• Global newspaper circulation increased 1.3 per cent in 2008, to almost 540 million daily sales, and was up 8.8 per cent over five years. When free dailies are added, circulation rose 1.62 per cent in 2008 and 13 per cent over five years. Europe is the hotbed for free newspaper development—23 per cent of daily newspapers in Europe were free in 2008.
  • Newspaper circulation increased 6.9 per cent in Africa last year, 1.8 per cent in South America, and 2.9 per cent in Asia. It decreased 3.7 per cent in North America, 2.5 per cent in Australia and Oceania, and 1.8 per cent in Europe. But in many mature markets where circulation is declining, newspaper reach remains high—many European countries continue to reach over 70 per cent of the adult population with paid newspapers alone. In Japan, it’s 91 per cent. In North America, it’s 62 per cent.
  • Circulation gains are not only occurring in the emerging markets of China and India; 38 per cent of countries reported gains in 2008, and 58 per cent saw circulation increase over five years.
  • Though newspaper advertising revenues were down 5 per cent in 2008, print media still takes 37 per cent of world advertising revenues.
  • While the digital explosion has a global impact, it is not a uniform impact. The United States and the United Kingdom are most affected; the UK accounts for 38 per cent of digital revenues in all of Europe. And compared to all of Europe, the United States has 62 per cent of the total market.
  • In the United States, combined print and online newspaper audience grew 8 per cent. Fifty-two percent of online newspaper readers spend the same amount of time as they did previously with newspaper content, 35 per cent say they spend more time overall with newspaper content, and 81 per cent of online newspaper readers say they’ve read a printed newspaper in the same week.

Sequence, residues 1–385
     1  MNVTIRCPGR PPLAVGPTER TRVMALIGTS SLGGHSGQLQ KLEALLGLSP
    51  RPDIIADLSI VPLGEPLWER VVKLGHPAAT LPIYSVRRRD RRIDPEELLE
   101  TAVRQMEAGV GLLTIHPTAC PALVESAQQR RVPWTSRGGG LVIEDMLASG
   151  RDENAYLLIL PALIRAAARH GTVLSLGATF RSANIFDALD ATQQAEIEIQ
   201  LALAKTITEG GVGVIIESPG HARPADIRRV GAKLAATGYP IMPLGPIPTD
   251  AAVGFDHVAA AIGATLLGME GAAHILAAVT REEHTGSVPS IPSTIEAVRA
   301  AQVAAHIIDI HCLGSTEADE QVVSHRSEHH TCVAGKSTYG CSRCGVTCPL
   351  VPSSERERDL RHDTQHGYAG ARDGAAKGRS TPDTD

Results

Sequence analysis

Although falling newspaper circulations are routinely blamed on the internet, the evidence paints a more complex picture, said O’Reilly. “Why is it, that something as sophisticated as media consumption always get relegated to an oversimplified spat between print and online? Why must it always be a case of either or? Is it just possible that the consumer is capable of multi-tasking; is capable of consuming a multitude of media and that it need not necessarily be just online?"

The Power of Print and the World Newspaper Advertising Conferences have drawn hundreds of newspaper executives from 50 countries in Barcelona to exchange ideas on business strategies for the future. The Paris-based WAN, the global organisation for the newspaper industry, defends and promotes press freedom and the professional and business interests of newspapers world-wide. Representing 18,000 newspapers, its membership includes 77 national newspaper associations, newspaper companies and individual newspaper executives in 122 countries, 12 news agencies and 11 regional and world-wide press groups.

Date posted: May 27, 2009 Last modified: May 23, 2018 Total views: 1259